529. Telegram 10581 From the Department of State to the Embassy in Panama1 2

[Page 1]


  • Date for Treaty Discussions


  • Panama 144

1. FYI. When Torrijos visited New York last October, he expressed to Ambassador Anderson Panama’s desire to pursue the canal treaty negotiations at an early date. Ambassador Anderson replied that we would be willing to resume treaty discussions whenever we were requested to do so by the Government of Panama. Ambassador Anderson adopted this position for two reasons: first, it was important to demonstrate US good faith through readiness to seek a prompt solution to the problems attending the existing treaty; and second, it was important to be able to demonstrate to Congress [Page 2] (and others) that the initiative for resuming talks came from the Panamanians.

2. With regard to the second consideration, it is not fully clear from FonMin Tack’s formulation of his query whether indeed Panama is now ready to resume treaty discussions and is taking the initiative by asking us to set a date to begin the talks. This doubt should be clarified so that we here can reach a decision regarding our response in light of all the facts.

3. Our experience with the negotiations leading to the 1967 drafts was that the absence of publicity during the negotiations contributed substantially to their success. It enabled negotiators on both sides to change their positions, when necessary, without having to do so publicly. These talks took place in Washington, as publicity regarding the movements [Page 3] of US negotiators and their meetings could not be avoided in Panama. While recognizing Torrijos’ control over the press, we believe the secrecy requisite for negotiations unmarred by propaganda can best be achieved in Washington. In this connection, it would be desirable to keep Panama’s interest in setting a date closely held to avoid premature press speculation. END FYI.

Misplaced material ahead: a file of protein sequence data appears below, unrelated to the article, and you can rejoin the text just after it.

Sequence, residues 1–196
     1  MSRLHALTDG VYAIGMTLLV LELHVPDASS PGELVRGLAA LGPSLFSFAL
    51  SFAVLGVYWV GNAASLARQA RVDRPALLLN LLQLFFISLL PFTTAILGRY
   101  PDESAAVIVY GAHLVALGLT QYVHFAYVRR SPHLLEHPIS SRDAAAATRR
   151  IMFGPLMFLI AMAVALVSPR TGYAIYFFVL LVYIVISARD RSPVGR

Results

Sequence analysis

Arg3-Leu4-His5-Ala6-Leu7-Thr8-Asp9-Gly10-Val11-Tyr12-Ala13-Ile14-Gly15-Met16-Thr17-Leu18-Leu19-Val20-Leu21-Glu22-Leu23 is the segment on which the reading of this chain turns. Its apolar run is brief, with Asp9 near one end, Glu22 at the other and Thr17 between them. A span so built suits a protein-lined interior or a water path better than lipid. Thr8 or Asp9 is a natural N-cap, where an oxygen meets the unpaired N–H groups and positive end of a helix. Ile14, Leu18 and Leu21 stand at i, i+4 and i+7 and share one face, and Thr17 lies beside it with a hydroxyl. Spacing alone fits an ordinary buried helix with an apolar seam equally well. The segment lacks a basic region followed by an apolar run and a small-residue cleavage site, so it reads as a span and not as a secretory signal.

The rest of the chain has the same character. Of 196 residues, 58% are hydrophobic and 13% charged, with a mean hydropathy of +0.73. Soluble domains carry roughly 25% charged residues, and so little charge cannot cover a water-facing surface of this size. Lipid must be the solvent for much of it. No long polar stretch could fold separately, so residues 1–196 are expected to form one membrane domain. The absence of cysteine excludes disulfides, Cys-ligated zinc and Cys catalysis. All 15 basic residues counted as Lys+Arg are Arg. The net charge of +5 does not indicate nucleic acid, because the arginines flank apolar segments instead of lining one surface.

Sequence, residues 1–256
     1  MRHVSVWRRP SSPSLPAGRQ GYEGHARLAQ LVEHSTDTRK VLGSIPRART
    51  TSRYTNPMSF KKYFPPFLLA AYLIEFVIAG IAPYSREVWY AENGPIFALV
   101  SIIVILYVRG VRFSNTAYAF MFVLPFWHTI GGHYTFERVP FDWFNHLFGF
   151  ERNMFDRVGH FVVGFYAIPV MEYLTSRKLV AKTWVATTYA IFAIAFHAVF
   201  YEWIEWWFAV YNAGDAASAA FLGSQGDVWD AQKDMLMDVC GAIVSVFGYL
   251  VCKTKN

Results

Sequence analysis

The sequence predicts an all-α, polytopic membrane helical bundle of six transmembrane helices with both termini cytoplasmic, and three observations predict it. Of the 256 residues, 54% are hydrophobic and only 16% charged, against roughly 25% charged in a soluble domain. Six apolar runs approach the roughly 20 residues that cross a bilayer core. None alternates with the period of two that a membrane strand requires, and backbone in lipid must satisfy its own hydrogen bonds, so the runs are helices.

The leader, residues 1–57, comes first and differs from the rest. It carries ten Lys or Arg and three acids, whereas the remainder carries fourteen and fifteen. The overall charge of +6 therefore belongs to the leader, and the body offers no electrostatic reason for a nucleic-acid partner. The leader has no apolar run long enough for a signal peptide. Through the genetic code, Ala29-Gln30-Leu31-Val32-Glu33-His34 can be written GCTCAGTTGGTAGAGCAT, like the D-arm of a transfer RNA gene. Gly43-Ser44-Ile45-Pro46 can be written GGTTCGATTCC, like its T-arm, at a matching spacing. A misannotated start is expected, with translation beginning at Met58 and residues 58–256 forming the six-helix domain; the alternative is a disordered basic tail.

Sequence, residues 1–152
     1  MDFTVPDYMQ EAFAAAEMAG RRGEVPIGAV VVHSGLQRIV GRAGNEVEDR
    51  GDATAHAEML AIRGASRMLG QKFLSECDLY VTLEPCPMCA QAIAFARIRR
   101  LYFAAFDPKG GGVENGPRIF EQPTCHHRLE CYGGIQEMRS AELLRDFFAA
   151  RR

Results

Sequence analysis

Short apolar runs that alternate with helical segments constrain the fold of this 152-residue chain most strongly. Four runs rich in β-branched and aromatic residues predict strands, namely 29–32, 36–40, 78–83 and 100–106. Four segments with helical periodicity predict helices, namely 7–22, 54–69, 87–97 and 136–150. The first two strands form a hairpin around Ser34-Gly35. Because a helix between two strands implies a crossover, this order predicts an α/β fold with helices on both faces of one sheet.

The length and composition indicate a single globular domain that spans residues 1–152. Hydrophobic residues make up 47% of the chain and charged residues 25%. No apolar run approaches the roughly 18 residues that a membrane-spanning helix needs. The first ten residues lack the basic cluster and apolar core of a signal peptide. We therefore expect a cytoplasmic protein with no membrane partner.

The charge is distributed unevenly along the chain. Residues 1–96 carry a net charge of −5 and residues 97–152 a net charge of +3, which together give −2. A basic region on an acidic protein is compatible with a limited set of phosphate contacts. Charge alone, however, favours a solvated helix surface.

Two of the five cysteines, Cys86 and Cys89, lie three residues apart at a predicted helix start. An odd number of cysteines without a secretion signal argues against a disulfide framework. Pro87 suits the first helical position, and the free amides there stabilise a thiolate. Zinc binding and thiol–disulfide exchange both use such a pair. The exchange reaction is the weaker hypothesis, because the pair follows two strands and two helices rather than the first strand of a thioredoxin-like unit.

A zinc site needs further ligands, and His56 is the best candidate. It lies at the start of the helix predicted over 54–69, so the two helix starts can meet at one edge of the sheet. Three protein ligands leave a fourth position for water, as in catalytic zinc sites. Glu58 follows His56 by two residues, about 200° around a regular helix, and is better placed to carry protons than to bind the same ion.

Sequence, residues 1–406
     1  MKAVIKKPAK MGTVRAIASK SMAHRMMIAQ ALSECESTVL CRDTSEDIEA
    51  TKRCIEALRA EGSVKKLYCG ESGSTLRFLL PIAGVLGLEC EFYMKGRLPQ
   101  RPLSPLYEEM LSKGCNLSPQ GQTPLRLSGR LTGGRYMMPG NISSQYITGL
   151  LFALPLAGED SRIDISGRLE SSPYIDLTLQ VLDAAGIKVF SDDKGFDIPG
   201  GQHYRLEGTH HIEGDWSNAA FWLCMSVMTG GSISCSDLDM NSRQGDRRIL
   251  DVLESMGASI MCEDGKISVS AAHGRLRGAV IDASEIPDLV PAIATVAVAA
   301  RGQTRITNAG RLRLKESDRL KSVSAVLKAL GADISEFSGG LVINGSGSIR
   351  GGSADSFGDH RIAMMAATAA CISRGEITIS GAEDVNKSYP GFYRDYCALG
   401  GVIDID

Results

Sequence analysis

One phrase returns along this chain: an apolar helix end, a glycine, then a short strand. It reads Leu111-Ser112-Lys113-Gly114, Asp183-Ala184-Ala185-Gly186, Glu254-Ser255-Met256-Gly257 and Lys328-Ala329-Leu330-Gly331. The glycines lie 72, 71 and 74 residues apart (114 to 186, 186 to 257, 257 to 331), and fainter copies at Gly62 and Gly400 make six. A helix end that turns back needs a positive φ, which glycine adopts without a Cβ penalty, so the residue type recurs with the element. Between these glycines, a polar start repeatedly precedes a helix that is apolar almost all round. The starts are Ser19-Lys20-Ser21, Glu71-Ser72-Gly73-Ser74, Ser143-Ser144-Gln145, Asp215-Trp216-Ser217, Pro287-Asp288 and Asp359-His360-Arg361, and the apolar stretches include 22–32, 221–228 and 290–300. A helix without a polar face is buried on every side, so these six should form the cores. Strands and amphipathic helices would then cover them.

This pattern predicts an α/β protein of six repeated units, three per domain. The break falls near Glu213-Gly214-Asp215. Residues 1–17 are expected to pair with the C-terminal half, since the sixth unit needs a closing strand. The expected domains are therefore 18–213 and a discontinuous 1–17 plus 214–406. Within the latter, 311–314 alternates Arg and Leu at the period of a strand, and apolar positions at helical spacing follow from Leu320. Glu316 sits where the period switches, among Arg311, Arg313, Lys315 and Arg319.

4. As a first step you are instructed to recall to FonMin Tack that Ambassador Anderson had requested General Torrijos to let us know when Panama had completed its review of the 1967 drafts and that it wished to resume treaty discussions. You should ask Tack whether his query to you of January 16 indeed constituted notification to us that Panama was now ready and was requesting resumption of the talks. You should report his reply and inform Tack that you will be in further touch with him on this matter.

  1. Source: National Archives, RG 59, Central Files 1970–73, POL 33–3 CZ. Confidential; Limdis. Drafted by Grove and Hurwitch; cleared by Anderson; approved by Meyer. Repeated to USCINCSO.
  2. The Department of State instructed Ambassador Sayre to ask Foreign Minister Tack when Panama would complete its review of the 1967 Canal Treaty drafts and when it wanted to resume treaty discussions.